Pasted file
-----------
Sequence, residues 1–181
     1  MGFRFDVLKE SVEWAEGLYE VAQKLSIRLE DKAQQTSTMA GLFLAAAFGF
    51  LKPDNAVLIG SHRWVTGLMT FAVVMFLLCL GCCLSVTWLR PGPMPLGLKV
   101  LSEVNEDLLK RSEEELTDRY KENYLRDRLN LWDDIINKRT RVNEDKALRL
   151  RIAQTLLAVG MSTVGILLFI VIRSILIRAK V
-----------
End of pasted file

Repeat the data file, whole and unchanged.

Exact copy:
Sequence, residues 1–181
     1  MGFRFDVLKE SVEWAEGLYE VAQKLSIRLE DKAQQTSTMA GLFLAAAFGF
    51  LKPDNAVLIG SHRWVTGLMT FAVVMFLLCL GCCLSVTWLR PGPMPLGLKV
   101  LSEVNEDLLK RSEEELTDRY KENYLRDRLN LWDDIINKRT RVNEDKALRL
   151  RIAQTLLAVG MSTVGILLFI VIRSILIRAK V